Markus Salcher, Valerii Redkozubov to return for giant slalom

The final races for men's alpine skiers at Sochi 2014 will include the giant slalom across all classes. 15 Mar 2014
Markus Salcher goes down the slope very fast, he seems to lose control

Austria's Markus Salcher

ⒸGetty Images
By Justin A. Rice | For the IPC

“He reminds me a bit of myself when I was the same age. He arrived here like an outsider and he hid his game well.”

Now that snowboard has made its much anticipated debut at the Sochi 2014 Paralympics, alpine skiing returns to top billing at the Rosa Khutor Alpine Centre on Saturday (14 March).

The men will hit the slopes for the final time in Russia for the giant slalom, with the first runs slated for 9:30 (MSK) and the final runs set for 13:30 (MSK).

Saturday will also mark the return of Markus Salcher to the slopes, five days after the Austrian won gold in the men’s super-G standing. He won gold in the men’s downhill standing class as well in the opening day of competition a week ago.

After winning the downhill in 1:24.35, Salcher said he only celebrated with one beer and no champagne.

“I think I will sleep a lot and maybe watch the girls,” he said after winning the super-G in 1:20.92.

While Salcher is skiing well and will be well rested, he will have to contend with France’s Vincent Gauthier-Manuel and Alexey Bugaev of Russia, who finished first and second at the 2013 IPC Alpine Skiing World Championships in La Molina, Spain, in the giant slalom.

While Gauthier-Manuel won bronze in the event four years ago in Vancouver, Bugaev is as hot as any skier in Sochi this week.

"He impresses me,” Gauthier-Manuel said of Bugaev. “He reminds me a bit of myself when I was the same age. He arrived here like an outsider and he hid his game well.

"Now, I'm going to do everything to beat him in the giant slalom. I already beat him several times in the world cup season in that event."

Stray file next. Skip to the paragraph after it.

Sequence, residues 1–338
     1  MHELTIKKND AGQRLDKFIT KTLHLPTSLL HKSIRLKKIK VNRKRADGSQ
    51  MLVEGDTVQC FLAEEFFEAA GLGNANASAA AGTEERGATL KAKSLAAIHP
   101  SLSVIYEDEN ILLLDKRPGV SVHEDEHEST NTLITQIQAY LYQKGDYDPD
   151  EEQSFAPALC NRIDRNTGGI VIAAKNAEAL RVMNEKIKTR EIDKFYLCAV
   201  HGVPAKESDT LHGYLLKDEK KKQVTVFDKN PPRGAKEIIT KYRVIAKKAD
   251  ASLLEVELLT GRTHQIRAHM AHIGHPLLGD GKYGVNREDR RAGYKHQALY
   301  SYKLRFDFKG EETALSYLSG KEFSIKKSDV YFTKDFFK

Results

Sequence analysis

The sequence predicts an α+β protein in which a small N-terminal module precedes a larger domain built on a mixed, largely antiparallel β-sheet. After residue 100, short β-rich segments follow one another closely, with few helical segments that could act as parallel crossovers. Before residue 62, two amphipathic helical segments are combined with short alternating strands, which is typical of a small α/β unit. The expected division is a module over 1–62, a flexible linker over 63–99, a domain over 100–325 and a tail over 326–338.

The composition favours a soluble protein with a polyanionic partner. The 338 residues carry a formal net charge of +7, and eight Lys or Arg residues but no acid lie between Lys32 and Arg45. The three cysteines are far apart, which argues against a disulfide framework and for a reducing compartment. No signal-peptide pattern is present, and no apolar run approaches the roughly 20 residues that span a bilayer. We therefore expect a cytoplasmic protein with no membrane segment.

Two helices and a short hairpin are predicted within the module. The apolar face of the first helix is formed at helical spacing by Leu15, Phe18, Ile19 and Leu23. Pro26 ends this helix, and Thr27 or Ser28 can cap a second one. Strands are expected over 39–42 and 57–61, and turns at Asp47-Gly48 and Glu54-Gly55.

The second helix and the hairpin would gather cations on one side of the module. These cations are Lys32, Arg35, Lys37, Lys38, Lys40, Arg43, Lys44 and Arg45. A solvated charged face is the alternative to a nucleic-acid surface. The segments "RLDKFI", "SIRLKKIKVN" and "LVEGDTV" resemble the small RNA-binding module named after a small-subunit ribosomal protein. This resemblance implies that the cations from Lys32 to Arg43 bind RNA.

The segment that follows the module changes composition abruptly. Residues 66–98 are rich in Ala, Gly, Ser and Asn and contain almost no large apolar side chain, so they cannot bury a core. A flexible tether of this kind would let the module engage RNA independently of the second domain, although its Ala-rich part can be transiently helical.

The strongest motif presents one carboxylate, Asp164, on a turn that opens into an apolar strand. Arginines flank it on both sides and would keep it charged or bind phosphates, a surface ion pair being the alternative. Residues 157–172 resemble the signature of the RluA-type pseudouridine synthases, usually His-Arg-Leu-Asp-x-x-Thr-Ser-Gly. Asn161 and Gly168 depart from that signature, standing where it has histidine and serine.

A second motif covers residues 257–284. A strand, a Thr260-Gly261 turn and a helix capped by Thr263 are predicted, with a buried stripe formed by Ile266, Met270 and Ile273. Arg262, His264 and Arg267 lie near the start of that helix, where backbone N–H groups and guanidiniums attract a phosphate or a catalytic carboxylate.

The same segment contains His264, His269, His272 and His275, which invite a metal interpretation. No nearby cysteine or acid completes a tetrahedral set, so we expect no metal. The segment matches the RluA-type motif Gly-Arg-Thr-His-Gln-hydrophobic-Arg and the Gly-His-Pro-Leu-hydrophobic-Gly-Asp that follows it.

Bugaev, 16, won his second gold in as many days on Friday by winning the super-combined a day after winning the men's standing slalom.

"Our team works very well together,” Bugaev said. “Our coaches give us the right tasks and everyone does their job. We all help each other and that's why we win.

"I work hard to stay in top shape. I have a great storage of strength because I am young. It helps me feel more free. The young are more free than the old."

In the men’s giant slalom visually impaired class, Valerii Redkozubov is going for his third straight victory for Russia as well.

The 41-year-old who is guided by Evgeny Geroev almost gave up on his Sochi dream while facing several injuries during training for his first Paralympics.

"We had to work through a very tough road,” he said. “There were many injuries, operations, embarrassing runs, losses. I was on the verge of quitting.

"I can't translate it into words. There's a tornado inside of me full of positive emotions. We have worked really hard for this. It was a very long, traumatic road that required much strength and work.”

In order to win his third-straight gold, Redkozubov will have to beat defending champion from Vancouver Jakub Krako of Slovakia and Jon Santacana Maitztegui of Spain, who won the downhill already in Sochi.

In the men's sitting race, Japan’s Takeshi Suzuki and Canada’s Josh Dueck are looking to strike gold for the second time after winning the slalom and the super-combined, respectively.

"This is my first (gold] meda),” said Dueck, 33, who won silver in the downhill sitting event 10 years to the day of losing the use of his legs after he injured his spinal cord while demonstrating a freestyle ski trick.

He then won his gold on Friday.

“I'm speechless, over the moon," he said. "It is the kind of achievement that was missing for me. I don't know what to say, I'm lost for words."